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Anemone - an Additional Perennial Ornamental Host of Tobacco Rattle Virus in the U.S.

June 1998 , Volume 82 , Number  6
Pages  712.2 - 712.2

B. E. Lockhart , Department of Plant Pathology, University of Minnesota, St. Paul 55108 ; and J. A. Westendorp , Walters Gardens, Inc., Zeeland, MI 49464

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Accepted for publication 21 April 1998.

A previous report (1) drew attention to the occurrence in the U.S. of tobacco rattle tobravirus (TRV) in several perennial ornamentals that move freely in international trade. Here we report the occurrence of TRV in an additional host plant of this type. The virus was identified in anemone (Anemone × hybrida cv. Honorine Jobert) with leaf symptoms consisting of chlorotic blotches, chlorotic line patterns, and distortion. Characteristic tobravirus-like particles with modal lengths of 50, 80, 130, and 180 nm were observed by electron microscopy in partially purified extracts of symptomatic but not of asymptomatic plants. These particles reacted specifically with antibodies to TRV and pea early-browning (PEBV) tobraviruses in immunoelectron microscopic (IEM) assays, produced typical TRV-induced symptoms in Nicotiana benthamiana and N. clevelandii, in which similar particles were detected by IEM, but, like other TRV isolates, did not infect pea (2). No other viruslike particles were observed in partially purified extracts of symptomatic anemone plants. This is the first report of TRV infection in anemone. While TRV occurs widely in Europe, it had been identified previously in the U.S. only in Oregon, Washington, and California (1,2,3). This virus is an important pathogen of several crops, including potato. Several areas of the Midwest, including Minnesota and Wisconsin, have significant seed-potato industries, and further introduction and possible dissemination of TRV pose potential regulatory and quarantine issues. This example of the movement of an exotic pathogen of potential economic importance into new areas underlines the need for closer monitoring of plant material entering international trade in an era of increasing globalization.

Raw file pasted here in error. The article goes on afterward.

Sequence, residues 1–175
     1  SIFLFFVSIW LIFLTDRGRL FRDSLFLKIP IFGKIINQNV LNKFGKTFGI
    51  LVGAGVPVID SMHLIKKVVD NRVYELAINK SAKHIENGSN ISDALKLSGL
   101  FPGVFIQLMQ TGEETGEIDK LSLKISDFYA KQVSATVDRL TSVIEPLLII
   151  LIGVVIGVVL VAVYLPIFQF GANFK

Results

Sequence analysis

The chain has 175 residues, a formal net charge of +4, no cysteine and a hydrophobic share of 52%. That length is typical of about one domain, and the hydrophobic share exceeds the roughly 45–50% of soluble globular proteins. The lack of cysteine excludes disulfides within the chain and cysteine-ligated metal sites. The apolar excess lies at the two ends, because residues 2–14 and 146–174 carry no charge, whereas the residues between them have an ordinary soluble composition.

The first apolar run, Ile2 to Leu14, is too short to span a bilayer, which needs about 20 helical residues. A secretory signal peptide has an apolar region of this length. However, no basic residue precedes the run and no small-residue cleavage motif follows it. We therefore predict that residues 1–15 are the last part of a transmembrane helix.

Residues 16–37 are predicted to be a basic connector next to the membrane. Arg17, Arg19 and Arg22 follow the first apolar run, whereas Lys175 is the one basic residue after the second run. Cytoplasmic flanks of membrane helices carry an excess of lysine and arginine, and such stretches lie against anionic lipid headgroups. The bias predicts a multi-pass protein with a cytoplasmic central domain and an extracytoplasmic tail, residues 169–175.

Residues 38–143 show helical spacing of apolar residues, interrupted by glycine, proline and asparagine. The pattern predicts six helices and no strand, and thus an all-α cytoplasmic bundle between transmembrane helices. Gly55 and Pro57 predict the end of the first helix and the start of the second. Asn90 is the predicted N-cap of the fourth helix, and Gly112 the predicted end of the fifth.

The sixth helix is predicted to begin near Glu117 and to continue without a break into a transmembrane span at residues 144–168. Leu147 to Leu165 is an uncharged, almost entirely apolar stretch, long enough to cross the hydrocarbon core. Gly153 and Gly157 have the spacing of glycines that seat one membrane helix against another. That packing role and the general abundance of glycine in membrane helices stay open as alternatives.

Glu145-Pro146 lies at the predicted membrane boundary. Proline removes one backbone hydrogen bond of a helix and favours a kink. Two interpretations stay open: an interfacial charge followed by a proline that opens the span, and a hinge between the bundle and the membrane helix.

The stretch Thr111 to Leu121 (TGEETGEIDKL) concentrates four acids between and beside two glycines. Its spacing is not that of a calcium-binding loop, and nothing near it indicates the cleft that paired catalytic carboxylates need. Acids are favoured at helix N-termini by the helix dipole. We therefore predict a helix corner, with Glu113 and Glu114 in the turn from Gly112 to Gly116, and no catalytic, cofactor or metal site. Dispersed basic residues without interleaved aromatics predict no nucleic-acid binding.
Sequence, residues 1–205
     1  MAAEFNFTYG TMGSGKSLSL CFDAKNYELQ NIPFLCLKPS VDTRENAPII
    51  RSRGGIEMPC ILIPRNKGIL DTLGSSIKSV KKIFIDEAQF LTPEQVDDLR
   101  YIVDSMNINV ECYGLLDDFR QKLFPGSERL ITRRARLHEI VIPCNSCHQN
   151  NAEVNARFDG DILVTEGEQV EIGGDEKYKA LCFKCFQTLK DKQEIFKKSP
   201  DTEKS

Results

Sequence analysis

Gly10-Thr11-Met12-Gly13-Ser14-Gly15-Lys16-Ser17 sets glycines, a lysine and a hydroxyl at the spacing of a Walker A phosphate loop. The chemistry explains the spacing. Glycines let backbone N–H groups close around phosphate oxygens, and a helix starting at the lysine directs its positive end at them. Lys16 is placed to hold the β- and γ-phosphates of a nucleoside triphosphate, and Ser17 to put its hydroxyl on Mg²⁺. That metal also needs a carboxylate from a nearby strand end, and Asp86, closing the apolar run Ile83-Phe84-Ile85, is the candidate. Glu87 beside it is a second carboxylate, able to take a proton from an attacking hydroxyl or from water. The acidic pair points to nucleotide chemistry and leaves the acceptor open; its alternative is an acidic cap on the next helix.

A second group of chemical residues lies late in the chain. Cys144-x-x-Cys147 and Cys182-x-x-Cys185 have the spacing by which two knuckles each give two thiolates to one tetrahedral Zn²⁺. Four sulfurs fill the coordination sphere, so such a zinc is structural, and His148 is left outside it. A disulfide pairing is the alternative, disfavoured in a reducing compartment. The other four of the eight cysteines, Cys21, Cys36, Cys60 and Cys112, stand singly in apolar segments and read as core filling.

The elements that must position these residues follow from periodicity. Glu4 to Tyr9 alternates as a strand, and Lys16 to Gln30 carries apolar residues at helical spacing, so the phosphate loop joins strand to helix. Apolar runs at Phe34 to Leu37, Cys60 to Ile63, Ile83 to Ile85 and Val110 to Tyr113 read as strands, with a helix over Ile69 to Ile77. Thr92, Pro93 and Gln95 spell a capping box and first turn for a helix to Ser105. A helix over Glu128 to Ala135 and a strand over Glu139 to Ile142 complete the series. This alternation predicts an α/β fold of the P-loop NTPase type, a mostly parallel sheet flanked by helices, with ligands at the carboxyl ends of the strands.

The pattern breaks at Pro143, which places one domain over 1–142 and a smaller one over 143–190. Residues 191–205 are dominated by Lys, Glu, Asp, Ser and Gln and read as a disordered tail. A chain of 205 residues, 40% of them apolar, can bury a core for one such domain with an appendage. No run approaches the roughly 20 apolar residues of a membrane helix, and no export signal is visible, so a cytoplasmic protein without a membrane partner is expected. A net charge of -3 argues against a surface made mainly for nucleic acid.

References: (1) B. E. Lockhart et al. Plant Dis. 79:1249, 1995. (2) B. E. L. Lockhart and H. U. Fischer. Phytopathology 66:1391, 1976. (3) J. M. Crosslin and P. E. Thomas. Am. Potato J. 72:605, 1995.

© 1998 The American Phytopathological Society